TIPS FOR THE AGENT HUNT

Death_to_stock_communicate_hands_1https://querytracker.net/ — Great for finding agents accepting submissions and what genres they want, and keeping track of your queries and responses.

Twitter and Facebook — great for seeing what the agents you’re interested in are doing and looking for “right now” and also for getting to know their personality and if it’s someone you’d be comfortable working with.

http://www.publishersmarketplace.com/ — Great for seeing what agents have been up to lately, when they’re last sale was and what publishing house the sale was with.

http://www.agentquery.com/ — database of literary agents, who’s taking what, and how to submit.

Comparable titles — know what your book is up against and be ready to tell and agent why yours will fit right in with other popular books readers are currently gobbling up.

QUERY HELP

If you need help writing a strong query letter, I recently did a podcast on the topic. Just click the Write. Publish. Repeat. logo below.

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Posted in query letter

Writing a Query Letter: Part 4

To find the first part of this series, Click HERE. For Part 2, click HERE. Part 3, click HERE. To listen to the full discussion on the Write. Publish. Repeat. Podcast, click HERE.

Query Writing Tips

Now that you have the basics down, how do you actually write a GOOD query letter?

The blurb/summary is going to be a HUGE part of your pitch and often requires the most attention and revisions.

The next section will go over tips and tricks for writing a query letter that will grab an agent’s or publisher’s attention.

Open Blue BookWhen to write the Blurb?

Before or After?
Depends on the author

Before
Why would you do this?
Not as emotionally invested yet.
Not EVERYTHING feels important.
Focus your thoughts on the story highlights.
Which can help with writing.
Saves you from having to do it later.
Allows you to promote early.

After
Have the full concept in place.

Avoid having to rewrite due to plot changes.

Better idea of future plans.

Anatomy of a Blurb

Situation/Character intro

Problem/Conflict

Hope of Resolution

Tone/Mood

Invisible CastSituation/Character Intro

Jump in right away.
Situation and Character intro right away.
No wasting time with description/thought.
Intro the setting as well.

Who is this story about?
What situation makes their story interesting?

First sentence should introduce both.

Make them interesting!
YOU know them well, so present them in the best, most interesting light

Example:

“In 1938, a small crooked-legged racehorse received more press coverage than Hitler, Mussolini, Roosevelt or any other news figure.”(Seabiscuit, Laura Hillenbrand)

Don’t mislead!
If they start reading and it doesn’t hold up…they’ll put it down

Depressed young homeless womanProblem or Conflict

A hint of the plot…
What challenge is your MC up against?
Simplify as much as possible.There may be multiple conflicts that all seem important.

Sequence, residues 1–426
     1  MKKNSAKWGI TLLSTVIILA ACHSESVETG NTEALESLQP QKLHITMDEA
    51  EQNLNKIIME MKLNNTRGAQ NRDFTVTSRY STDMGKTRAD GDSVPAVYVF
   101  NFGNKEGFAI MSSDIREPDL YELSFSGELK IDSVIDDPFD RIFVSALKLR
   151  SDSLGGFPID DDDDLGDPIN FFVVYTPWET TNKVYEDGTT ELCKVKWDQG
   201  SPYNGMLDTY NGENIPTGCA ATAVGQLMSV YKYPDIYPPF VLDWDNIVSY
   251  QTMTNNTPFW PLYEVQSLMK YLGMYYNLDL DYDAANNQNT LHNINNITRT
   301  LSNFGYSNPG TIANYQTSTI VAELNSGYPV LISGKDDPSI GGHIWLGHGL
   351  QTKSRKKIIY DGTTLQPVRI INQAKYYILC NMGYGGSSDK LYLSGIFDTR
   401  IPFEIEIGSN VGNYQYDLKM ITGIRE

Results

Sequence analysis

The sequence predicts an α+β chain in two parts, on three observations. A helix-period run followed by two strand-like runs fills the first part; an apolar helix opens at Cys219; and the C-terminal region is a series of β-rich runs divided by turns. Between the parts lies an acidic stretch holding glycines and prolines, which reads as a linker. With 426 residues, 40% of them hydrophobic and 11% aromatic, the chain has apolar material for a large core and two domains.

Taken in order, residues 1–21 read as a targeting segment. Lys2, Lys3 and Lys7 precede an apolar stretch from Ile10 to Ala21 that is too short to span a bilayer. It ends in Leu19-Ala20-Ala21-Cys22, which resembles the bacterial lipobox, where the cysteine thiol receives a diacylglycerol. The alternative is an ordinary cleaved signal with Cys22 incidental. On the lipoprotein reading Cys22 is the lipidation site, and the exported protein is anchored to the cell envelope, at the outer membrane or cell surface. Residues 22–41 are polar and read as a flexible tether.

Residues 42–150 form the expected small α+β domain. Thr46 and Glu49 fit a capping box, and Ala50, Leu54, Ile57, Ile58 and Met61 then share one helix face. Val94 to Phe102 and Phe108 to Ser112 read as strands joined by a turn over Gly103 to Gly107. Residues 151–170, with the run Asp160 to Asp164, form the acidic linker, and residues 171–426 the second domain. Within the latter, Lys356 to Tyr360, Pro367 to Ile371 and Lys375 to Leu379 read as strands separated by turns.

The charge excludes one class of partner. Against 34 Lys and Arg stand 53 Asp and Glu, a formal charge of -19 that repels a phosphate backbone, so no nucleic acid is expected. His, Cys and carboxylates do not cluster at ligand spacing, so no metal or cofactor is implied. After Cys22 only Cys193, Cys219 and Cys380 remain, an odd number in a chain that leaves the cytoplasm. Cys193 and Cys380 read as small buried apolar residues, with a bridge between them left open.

Focus on the MAIN conflict.

How is this conflict going to hurt/hinder your character?
Again…simplify to the main points. Pick the biggest, most detrimental effect to focus on in the blurb

The blurb is a teaser. Hook the agent/pub…leave them wanting more. This is usually better accomplished in a short blurb.

Some like to end on a question (but not a rule)
“As mouths water in anticipation, can the solemnity of the Church compare with the pagan passion of a chocolate éclair?”(Chocolat, Joanne Harris)

“Lisbeth Salander—outcast…enigma…avenger…”(The Girl with the Dragon Tattoo, Stieg Larsson)

End on a cliffhanger!

HopeHope of Resolution

Don’t be too depressing!

How will your character potentially thwart all the trouble the conflict is brewing?

Don’t reveal the end of the story, but DO suggest a possible escape.

Make readers want to solve the problem.

Tone and Mood

The tone or mood of your query should match the book.

Fun, dark, moody, silly, inspirational, etc.

Let readers know what is in store for them so they know what they’re getting into.

Join me next week for the final part of the Query Writing Workshop. Tips & Tricks, tracking queries, and query pacing.

Listen to the full discussion now on my new podcast!

Write. Publish. Repeat. Podcast: How to Write a Query Letter Without Going Completely Crazy

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Posted in query letter, writing tips

Writing a Query Letter: Part 3

To find the first part of this series, Click HERE. For Part 2, click HERE. To listen to the full discussion on the Write. Publish. Repeat. Podcast, click HERE.

Paragraph Two of the Query Letter

9e9dd-largestackofbooksMini-Synopsis
Similar to the back cover summary
100-250 words

Expand on your hook
Explain more about your Main characters…
Problems/conflicts…
How adversity changes them…

Read back covers of other books for examples!

Paragraph Three: Bio

Brand new Author?
(You may want to skip this)

  • What to include?
    Is it meaningful to the query?
    Does it show personality?
  • Keep it short
  • Keep it writing related
  • Education
  • Work
  • Personal experience
  • Research

Publishing Credits/Awards

  • Awards
    • If you’ve won them…INCLUDE THEM